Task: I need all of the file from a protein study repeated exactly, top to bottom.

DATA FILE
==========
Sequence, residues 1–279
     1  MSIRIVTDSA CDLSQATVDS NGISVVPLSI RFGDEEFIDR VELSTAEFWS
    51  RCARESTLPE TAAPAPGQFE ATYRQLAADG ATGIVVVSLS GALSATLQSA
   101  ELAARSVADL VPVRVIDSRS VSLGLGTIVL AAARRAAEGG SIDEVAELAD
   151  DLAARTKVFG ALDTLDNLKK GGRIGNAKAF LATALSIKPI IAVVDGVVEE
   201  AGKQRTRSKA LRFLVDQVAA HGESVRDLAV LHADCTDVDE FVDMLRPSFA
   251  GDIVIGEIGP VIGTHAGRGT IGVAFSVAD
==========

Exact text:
Sequence, residues 1–279
     1  MSIRIVTDSA CDLSQATVDS NGISVVPLSI RFGDEEFIDR VELSTAEFWS
    51  RCARESTLPE TAAPAPGQFE ATYRQLAADG ATGIVVVSLS GALSATLQSA
   101  ELAARSVADL VPVRVIDSRS VSLGLGTIVL AAARRAAEGG SIDEVAELAD
   151  DLAARTKVFG ALDTLDNLKK GGRIGNAKAF LATALSIKPI IAVVDGVVEE
   201  AGKQRTRSKA LRFLVDQVAA HGESVRDLAV LHADCTDVDE FVDMLRPSFA
   251  GDIVIGEIGP VIGTHAGRGT IGVAFSVAD